With all the data in the world today, where do you find the balance between action and insight, creativity and accountability, art and science?
At a recent client, managers grew furious with a system whose new analytics effectively held them accountable for bottom line accounting results they thought undermined their key account relationships. The sophisticated and near-real-time analytics created the worst of both worlds for them: greater accountability with less flexibility and influence. The struggle we face is humanizing the results of big data sets – and combining the science (data) and art (experience) to produce REAL goals and targets. How do you know what data to use, and what result to measure?
In a simple real life example, who is the bigger star: Usher or Justin Timberlake? If we just used data without context we may get varying answers to this very open ended question. When we apply reasoning, objectivity and understanding we first get the right QUESTION, then we can go get the right data set. Businesses are doing the very same thing: holding people accountable to poorly constructed questions, resulting in incorrect insight and action. For the sake of our example, let’s assume we are asking: who makes the most money? The tendency would be to compare Usher’s and Timberlake’s music careers. It’s a good start, and the ecosystem of data would be statistically sound to believe it’s a fair comparison and a good yardstick to measure their success. However, when we add insight, we realize Timberlake has royalties from N*Sync, a movie career, television appearances, endorsement deals and his own Sauza tequila product. Usher is a very successful entrepreneur too. Knowing that both have careers outside of music, how would you rephrase the question? Having the insight to ask not just the right question, but ask it correctly – is the FIRST principle of strong accountability.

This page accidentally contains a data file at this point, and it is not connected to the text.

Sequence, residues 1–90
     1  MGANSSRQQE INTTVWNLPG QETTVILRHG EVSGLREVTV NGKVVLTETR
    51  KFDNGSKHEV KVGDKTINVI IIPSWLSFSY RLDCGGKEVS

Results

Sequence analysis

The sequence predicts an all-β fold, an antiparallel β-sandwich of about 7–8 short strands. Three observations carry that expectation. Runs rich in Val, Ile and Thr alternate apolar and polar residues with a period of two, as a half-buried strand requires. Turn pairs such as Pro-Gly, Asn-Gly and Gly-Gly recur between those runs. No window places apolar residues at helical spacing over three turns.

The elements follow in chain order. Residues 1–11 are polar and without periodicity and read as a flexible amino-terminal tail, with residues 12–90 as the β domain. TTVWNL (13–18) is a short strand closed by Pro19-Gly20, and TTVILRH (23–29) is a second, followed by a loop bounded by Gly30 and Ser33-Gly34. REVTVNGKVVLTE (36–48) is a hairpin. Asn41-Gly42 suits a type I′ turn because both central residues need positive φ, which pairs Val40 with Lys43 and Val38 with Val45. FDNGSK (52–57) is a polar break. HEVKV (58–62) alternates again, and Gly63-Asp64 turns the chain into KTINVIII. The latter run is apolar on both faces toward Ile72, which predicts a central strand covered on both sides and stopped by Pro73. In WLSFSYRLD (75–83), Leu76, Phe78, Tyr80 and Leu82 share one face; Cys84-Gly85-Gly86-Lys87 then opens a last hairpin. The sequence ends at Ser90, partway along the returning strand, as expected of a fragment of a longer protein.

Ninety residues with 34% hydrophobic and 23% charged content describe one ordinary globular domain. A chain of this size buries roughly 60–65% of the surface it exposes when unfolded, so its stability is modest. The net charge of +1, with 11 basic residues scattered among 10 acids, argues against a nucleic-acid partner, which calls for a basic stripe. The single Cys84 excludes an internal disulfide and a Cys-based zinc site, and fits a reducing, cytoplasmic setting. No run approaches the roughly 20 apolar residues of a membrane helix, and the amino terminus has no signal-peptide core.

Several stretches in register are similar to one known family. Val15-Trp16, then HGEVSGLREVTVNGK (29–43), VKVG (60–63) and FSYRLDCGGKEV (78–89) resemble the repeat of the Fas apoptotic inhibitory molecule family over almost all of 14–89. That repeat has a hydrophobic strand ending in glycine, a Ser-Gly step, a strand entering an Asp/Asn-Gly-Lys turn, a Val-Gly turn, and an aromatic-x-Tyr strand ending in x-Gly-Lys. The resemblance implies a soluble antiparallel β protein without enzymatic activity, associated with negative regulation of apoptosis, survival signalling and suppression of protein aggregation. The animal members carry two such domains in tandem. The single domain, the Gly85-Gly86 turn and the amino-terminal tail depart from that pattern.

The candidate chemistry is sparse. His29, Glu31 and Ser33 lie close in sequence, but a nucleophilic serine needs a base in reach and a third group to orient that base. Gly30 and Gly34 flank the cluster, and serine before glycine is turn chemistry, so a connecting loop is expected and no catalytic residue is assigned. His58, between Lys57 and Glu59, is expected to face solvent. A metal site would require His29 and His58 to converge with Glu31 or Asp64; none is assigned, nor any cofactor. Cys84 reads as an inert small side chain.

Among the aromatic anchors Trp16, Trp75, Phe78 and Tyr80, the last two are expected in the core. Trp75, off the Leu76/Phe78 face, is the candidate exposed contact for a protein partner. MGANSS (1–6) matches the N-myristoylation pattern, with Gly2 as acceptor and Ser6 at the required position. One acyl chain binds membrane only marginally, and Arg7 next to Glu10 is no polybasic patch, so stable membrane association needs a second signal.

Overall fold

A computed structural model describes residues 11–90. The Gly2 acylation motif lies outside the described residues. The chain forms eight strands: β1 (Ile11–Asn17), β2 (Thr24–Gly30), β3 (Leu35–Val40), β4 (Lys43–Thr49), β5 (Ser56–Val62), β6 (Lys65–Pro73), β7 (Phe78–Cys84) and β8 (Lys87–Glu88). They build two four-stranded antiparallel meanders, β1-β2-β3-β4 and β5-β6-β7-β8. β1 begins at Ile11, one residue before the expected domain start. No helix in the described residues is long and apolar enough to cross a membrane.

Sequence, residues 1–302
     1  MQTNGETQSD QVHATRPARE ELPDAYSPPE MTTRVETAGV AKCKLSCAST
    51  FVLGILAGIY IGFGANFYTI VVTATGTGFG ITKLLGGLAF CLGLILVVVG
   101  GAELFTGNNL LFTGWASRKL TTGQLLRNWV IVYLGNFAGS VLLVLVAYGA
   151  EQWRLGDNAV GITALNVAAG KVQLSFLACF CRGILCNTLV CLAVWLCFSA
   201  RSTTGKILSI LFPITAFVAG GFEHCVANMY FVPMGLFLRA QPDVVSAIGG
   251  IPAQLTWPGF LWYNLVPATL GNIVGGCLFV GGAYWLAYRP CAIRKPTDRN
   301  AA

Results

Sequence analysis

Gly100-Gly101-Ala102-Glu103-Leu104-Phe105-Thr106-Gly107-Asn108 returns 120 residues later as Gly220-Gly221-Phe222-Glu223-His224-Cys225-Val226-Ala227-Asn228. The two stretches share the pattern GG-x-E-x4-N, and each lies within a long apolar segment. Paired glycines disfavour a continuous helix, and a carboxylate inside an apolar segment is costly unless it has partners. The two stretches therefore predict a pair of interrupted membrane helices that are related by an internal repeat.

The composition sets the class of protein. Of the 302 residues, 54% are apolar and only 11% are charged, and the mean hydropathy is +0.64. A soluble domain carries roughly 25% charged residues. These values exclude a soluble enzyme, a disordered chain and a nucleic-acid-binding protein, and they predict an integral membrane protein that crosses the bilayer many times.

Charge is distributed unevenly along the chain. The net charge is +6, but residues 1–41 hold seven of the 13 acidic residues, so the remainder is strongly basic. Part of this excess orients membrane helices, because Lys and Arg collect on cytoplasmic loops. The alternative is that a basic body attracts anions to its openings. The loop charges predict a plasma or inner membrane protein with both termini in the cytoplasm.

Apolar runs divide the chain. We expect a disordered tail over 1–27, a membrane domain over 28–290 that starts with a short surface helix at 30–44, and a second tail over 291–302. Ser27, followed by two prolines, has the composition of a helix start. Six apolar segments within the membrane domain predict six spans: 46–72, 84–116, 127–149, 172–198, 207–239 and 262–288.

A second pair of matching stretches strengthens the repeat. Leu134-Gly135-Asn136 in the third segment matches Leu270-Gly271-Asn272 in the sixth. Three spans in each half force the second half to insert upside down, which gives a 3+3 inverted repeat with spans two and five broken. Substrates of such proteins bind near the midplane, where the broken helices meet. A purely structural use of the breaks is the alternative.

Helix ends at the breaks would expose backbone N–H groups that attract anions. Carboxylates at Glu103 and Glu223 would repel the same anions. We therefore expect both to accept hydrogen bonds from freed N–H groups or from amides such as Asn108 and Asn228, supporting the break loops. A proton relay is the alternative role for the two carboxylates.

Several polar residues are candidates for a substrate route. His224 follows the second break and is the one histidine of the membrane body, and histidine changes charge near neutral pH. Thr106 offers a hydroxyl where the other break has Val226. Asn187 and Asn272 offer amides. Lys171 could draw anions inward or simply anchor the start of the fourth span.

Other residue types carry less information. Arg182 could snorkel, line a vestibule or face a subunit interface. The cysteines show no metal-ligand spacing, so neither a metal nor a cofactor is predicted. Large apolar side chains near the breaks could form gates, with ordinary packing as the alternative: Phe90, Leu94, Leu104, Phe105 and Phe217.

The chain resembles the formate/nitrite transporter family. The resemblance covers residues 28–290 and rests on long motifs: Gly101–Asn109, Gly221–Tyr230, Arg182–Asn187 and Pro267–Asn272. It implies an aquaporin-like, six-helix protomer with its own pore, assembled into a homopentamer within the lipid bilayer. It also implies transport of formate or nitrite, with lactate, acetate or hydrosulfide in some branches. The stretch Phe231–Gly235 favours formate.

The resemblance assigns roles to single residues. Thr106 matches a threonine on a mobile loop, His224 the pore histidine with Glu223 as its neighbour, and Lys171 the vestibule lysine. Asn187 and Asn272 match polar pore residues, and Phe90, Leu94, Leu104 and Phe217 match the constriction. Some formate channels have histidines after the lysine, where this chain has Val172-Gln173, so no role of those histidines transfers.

Now back to your business… are you asking open ended questions and hoping your data can justify the answers? Or have you taken the time to find out when, how, why and what generates the success of your business. The “intelligence” people aspire for in using data is not in the data itself, it’s in the application and understanding of the data which creates the magic. Business Intelligence has become such an overused term that it tops the list of most hated terms in business in 2016. Realize it’s not the business or data that creates knowledge, it’s the people asking the right questions, and applying the right data sets to find the right answers. People still come first in a world of data.